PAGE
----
By Dale Weir on January 7, 2013 - 6:51am.
Extra Credits talks about hooking the player within the first five minutes. Honestly, this sounds like something all developers would understand to be necessary in capturing the attention of the average person. Television, movies, music, texting, the Internet and other games are all waiting to steal a consumer's attention (and dollars) should a game fail to immediately hook a gamer. But it's hard to argue that this isn't the case. Why else would we still hold up older games like God of War, BioShock and Call of Duty 4: Modern Warfare as examples of doing it right? Why else would so many great games languish on "To be Played Later" shelf and sit there long after the hardware they were made for has been discontinued?
By Dale Weir on January 7, 2013 - 6:41am.
A rare mailbag episode has appeared. This brief video has Extra Credits answering fan questions like what they think of Nintendo's Wii U, the Ouya, the Oculus Rift and Electronic Arts advertising guns to Medal of Honor players.
By Peter Skerritt on January 6, 2013 - 7:49am.
As we turn the calendar to 2013, I'm faced with a rather significant decision to think on over the next couple of weeks.
By Dale Weir on January 6, 2013 - 6:43am.
Coincidentally, I'm posting Extra Credits video the same week that it was leaked that Sony filed a patent for technology that would ban used or second hand games on its hardware. If true it is evidence of how tightly game companies are still holding onto the old ways of doing things oblivious to newer options. This Extra Credits presentation doesn't criticize such a practice, but it does talk about monetization of games and stress how the industry has moved beyond static price structures. Companies like a Sony (and by extension a Microsoft, a Nintendo and countless third party publishers) would best take notice and evolve with the times.
By Dale Weir on January 3, 2013 - 1:18pm.
This is another interesting episode from the guys and gals at Extra Credits. This time they cover "limitation systems" or "energy systems," systems used to actually extend playtime or the life of a game. Things like this sadden me only because it makes me more aware of how games (and their creator's) these days are trying to manipulate you into spending more money without realizing it.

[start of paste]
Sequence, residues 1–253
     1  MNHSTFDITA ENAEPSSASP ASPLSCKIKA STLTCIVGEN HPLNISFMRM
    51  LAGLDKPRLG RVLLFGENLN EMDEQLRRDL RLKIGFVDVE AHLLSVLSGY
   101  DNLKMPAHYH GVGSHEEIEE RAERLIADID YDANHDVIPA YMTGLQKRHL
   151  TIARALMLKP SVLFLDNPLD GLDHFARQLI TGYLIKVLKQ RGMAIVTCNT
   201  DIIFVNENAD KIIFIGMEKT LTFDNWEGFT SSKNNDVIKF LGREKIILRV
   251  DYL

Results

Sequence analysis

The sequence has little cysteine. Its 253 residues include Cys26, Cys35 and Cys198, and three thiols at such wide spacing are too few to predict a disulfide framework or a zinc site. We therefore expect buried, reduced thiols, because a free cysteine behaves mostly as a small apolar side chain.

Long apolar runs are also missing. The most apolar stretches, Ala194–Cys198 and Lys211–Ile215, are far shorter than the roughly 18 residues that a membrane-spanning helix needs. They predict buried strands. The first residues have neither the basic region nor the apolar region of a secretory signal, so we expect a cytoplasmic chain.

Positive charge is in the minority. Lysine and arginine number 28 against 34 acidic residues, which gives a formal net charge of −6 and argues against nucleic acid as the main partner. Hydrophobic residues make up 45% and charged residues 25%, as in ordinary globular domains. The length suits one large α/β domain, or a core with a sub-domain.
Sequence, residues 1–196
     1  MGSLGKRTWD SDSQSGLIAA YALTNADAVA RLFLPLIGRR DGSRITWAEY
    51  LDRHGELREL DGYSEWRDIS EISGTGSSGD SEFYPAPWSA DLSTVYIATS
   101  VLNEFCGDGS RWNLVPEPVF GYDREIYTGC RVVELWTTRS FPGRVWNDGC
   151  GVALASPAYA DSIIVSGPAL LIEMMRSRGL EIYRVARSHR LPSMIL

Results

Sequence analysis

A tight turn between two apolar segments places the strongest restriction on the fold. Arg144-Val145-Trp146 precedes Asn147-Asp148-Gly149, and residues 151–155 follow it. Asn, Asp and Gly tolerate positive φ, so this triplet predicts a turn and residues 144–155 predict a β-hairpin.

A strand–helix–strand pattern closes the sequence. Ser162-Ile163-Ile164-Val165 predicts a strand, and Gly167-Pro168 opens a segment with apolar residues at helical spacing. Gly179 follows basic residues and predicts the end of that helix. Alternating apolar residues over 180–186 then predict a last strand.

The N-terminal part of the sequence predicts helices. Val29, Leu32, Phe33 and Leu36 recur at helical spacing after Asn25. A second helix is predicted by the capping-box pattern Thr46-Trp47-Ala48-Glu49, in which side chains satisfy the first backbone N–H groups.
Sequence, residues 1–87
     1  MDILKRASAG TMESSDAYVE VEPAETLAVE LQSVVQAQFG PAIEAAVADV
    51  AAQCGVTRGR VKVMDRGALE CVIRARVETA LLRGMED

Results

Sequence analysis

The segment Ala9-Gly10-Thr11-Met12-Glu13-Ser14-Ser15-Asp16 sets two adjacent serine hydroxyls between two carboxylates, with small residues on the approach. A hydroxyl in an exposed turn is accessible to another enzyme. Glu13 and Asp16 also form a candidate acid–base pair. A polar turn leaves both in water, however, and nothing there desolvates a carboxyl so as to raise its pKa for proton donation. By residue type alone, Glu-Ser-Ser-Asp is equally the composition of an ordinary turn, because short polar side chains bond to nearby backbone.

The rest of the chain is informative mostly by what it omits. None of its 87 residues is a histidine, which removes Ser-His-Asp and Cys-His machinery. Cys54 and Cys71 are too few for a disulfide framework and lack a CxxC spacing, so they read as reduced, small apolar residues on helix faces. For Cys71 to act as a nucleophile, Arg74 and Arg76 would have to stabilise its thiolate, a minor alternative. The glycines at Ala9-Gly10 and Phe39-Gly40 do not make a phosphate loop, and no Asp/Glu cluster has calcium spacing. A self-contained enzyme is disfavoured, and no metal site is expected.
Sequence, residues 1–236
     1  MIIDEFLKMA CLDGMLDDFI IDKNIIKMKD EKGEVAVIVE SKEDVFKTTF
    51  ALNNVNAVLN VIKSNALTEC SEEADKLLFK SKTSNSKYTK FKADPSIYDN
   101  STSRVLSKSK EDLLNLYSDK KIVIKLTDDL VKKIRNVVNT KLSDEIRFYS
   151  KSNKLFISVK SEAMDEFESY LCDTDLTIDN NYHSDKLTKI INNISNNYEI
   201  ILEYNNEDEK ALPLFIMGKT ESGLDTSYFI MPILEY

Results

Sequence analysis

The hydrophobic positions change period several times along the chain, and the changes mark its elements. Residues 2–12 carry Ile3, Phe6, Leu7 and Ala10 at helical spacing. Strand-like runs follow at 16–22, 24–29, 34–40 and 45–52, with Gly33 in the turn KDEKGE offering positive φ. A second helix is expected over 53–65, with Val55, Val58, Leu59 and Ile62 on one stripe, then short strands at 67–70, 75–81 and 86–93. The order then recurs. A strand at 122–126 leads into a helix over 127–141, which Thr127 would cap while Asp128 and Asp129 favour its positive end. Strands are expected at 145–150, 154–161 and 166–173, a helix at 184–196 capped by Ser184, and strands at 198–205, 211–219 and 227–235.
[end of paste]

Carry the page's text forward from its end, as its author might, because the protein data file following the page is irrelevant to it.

By Dylan Collins on December 31, 2012 - 6:01pm.
Awards, contest winners, and Dan Weissenberger? This can only be our Fifth Annual Holiday Awards Spectacular! We dish on the best and worst of 2012, Brad's son drops in to share his best and worst of the year, and we give out some fabulous prizes based on a really cool random number generator. Featuring Dylan Collins, Brad Gallaway, Mike Bracken, Dan Weissenberger, Richard "It's not really a spoiler" Naik, and Tim "The Brett Farve thing is getting old" Spaeth.
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Please send feedback and mailbag questions to podcast (at) gamecritics (dot) com.
By Sparky Clarkson on December 19, 2012 - 9:45am.
2012 has been an amazing year for games. I had meant to put together a post extolling the virtues of the top candidates for game of the year, but the list kept getting longer and longer, with more and more games that would have been obvious choices for a top-five list in any other year. The task was clearly beyond me. So, I enlisted the talents of Michael Abbott, Brandon Bales, Mattie Brice, Kate Cox, Denis Farr, Brad Gallaway, Brendan Keogh, Justin Keverne, Cameron Kunzelman, Kris Ligman, Eric Swain, and Dan Weissenberger. With my superteam thus assembled, let's look at some of the year's super games.
By Brad Gallaway on December 18, 2012 - 4:17pm.
You got Your Bullet-hell in My Side-scroller!
HIGH It's… so… damned… pretty…
LOW Flying through the debris chute and failing to avoid the lasers.
WTF Why are the other powers not in story mode?
By Dale Weir on December 18, 2012 - 3:18pm.
One thing that the video game industry needs to be more proactive in is the education of the general public with regards to video game schools or game design programs. When people think of gaming schools, they might think of the ones that get the most coverage like a DigiPen Institute of Technology or Art Institute of Vancouver. However, not everyone gets to attend these shining examples. Some aspiring Shigeru Miyamoto's and Ken Levine's might wind up wasting four years and tens of thousands of dollars at a less than reputable institution. That's where Extra Credits comes in to give some advice for anyone thinking about attending a school to actually become a game creator.
By Brad Gallaway on December 17, 2012 - 11:00pm.
The good people at GungHo recently released six "classic" Japanese PS1 games on PSN. They are currently available in the "Imports" section for $5.99 each, and they're in their "original, unaltered" Japanese state, meaning that no localization work has been done on any of these. In the interest of disclosure, it should be known that GungHo PR sent me a code for all six games for the purposes of evaluation. It should also be known that I had never heard of any of these titles, so I was walking into all six with a totally clean slate.
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